|image by Gordon Coale (Image rights)|
Waterhouse stops are a set of holes pierced through a plate within a lens, used to select the aperture. This is a simpler and cheaper method of obtaining a variable aperture than the iris diaphragms used on more advanced cameras.
Waterhouse stops were common in the "brass barrel" era of camera lenses, and are named after British astronomer John Waterhouse. In the late 1850s, Waterhouse invented a system using plates with different aperture diameters that could be inserted into a slot in the lens barrel. This was significantly more convenient than unscrewing the lens barrel to insert discs with different apertures. A rotating wheel with several aperture openings ('aperture dial') was a later refinement.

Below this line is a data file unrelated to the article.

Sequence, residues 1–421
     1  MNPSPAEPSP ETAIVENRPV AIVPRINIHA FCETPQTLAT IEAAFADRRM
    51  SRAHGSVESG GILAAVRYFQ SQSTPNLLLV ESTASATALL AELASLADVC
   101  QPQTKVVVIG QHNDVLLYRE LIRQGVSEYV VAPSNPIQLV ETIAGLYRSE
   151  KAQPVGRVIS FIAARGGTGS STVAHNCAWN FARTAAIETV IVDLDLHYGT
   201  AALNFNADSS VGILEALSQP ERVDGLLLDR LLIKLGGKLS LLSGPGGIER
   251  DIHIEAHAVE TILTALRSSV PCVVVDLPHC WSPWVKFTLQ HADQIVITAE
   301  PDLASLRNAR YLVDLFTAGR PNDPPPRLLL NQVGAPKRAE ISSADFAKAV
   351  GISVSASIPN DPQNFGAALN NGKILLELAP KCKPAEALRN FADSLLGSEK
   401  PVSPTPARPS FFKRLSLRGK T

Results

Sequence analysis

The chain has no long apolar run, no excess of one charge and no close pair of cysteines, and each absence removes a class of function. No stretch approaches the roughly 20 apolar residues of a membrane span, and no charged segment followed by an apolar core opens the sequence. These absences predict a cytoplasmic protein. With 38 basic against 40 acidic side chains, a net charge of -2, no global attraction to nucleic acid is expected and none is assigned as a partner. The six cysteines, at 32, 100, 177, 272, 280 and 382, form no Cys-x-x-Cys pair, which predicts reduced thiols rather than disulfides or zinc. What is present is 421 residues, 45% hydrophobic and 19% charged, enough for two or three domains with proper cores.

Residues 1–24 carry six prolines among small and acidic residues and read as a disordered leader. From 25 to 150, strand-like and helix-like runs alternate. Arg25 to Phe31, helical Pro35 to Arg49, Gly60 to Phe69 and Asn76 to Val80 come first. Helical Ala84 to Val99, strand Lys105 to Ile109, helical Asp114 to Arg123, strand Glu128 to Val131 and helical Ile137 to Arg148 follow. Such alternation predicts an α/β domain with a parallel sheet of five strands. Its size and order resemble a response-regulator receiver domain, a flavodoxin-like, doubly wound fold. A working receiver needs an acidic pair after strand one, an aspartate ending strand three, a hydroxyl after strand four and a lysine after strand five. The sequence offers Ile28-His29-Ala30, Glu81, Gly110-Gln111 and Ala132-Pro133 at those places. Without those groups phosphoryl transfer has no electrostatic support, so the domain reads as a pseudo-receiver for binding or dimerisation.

|Dallmeyer lens with cased set of stops|
image by Geoff Harrisson (Image rights)